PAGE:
The sole issue presented for review, as restated, is whether the trial court
erred by granting summary judgment to National Alarm.

III. Standard of Review

Summary judgment is appropriate only when the moving party demonstrates that
"there is no genuine issue as to any material fact and that the moving party
entitled to a judgment as a matter of law." TENN. R. CIV. P. 56.04. When
reviewing a motion for summary judgment, this Court is required to view the
evidence in the light most favorable to the nonmoving party and draw all
reasonable inferences in the nonmoving party's favor. See Robinson v. Omer,
S.W.2d 423, 426 (Tenn. 1997), Byrd v. Hall, 847 S.W.2d 208, 210-11 (Tenn.
The burden of proof rests with the moving party, who must establish that its
motion satisfies these requirements. Staples v. CBL & Associates, Inc., 15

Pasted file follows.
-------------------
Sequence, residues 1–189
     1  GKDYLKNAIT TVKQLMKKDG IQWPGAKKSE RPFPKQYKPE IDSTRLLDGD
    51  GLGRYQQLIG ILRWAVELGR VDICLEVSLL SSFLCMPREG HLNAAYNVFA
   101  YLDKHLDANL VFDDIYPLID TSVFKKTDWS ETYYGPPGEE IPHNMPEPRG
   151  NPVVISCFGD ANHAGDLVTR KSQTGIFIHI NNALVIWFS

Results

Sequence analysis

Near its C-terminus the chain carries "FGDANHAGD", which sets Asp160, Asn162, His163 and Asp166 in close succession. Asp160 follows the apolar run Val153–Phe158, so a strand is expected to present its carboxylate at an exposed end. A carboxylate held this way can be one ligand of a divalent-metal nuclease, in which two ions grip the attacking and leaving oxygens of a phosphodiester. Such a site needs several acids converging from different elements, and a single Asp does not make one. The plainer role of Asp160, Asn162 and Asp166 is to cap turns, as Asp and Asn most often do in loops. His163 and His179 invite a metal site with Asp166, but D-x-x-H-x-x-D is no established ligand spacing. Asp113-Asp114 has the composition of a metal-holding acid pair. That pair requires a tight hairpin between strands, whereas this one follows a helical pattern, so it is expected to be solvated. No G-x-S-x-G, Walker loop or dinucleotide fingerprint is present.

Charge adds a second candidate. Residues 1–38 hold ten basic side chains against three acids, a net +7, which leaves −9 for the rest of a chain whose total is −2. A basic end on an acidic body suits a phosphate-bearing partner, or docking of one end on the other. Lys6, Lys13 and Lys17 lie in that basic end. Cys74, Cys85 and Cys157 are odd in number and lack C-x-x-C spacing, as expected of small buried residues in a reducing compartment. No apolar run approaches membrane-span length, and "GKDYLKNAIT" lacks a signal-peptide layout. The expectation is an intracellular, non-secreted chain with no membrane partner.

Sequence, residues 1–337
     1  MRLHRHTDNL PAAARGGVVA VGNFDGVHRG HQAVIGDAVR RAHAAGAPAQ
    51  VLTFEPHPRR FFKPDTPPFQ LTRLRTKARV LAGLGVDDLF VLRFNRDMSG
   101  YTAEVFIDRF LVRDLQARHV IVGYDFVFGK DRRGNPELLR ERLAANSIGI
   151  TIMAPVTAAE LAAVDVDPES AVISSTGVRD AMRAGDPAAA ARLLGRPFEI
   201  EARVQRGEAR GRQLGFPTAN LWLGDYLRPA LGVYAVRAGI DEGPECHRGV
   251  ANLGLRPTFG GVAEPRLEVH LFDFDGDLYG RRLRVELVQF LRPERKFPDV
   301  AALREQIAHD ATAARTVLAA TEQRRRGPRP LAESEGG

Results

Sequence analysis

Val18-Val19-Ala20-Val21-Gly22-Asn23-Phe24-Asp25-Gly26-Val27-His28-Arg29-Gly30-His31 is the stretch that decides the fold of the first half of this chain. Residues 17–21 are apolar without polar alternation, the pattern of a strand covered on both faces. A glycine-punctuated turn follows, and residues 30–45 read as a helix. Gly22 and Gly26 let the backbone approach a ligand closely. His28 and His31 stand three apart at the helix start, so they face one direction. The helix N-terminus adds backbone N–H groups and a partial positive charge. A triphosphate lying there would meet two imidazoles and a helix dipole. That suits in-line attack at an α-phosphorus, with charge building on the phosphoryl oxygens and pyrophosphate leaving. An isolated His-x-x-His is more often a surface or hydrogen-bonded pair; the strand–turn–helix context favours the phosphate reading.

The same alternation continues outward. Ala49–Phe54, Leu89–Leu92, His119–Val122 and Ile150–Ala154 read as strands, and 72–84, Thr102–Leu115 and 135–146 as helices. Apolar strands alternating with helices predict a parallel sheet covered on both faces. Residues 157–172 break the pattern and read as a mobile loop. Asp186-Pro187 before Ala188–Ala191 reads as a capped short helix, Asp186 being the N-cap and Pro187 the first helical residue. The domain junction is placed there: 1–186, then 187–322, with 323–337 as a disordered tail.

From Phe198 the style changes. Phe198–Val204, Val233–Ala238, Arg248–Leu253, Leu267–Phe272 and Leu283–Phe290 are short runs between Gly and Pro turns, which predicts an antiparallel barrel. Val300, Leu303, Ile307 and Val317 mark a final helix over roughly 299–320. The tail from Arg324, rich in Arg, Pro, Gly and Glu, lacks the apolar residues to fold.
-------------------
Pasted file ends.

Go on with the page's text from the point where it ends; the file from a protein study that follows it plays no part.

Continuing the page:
S.W.3d 83, 88 (Tenn. 2000). If the moving party makes a properly supported
motion, the burden shifts to the nonmoving party to establish the existence of
disputed material facts. Id. (citing Byrd v. Hall, 847 S.W.2d at 215). If,
however, the moving party fails to make a properly supported motion, "the
non-moving party's burden to produce evidence establishing the existence of a
genuine issue for trial is not triggered and the motion for summary judgment
must fail." Staples v. CBL & Associates, Inc., 15 S.W.3d at 88.

The standards governing the assessment of evidence in the summary judgment
context are well established. Trial courts are obligated to consider
depositions, answers to interrogatories, admissions, and affidavits, to the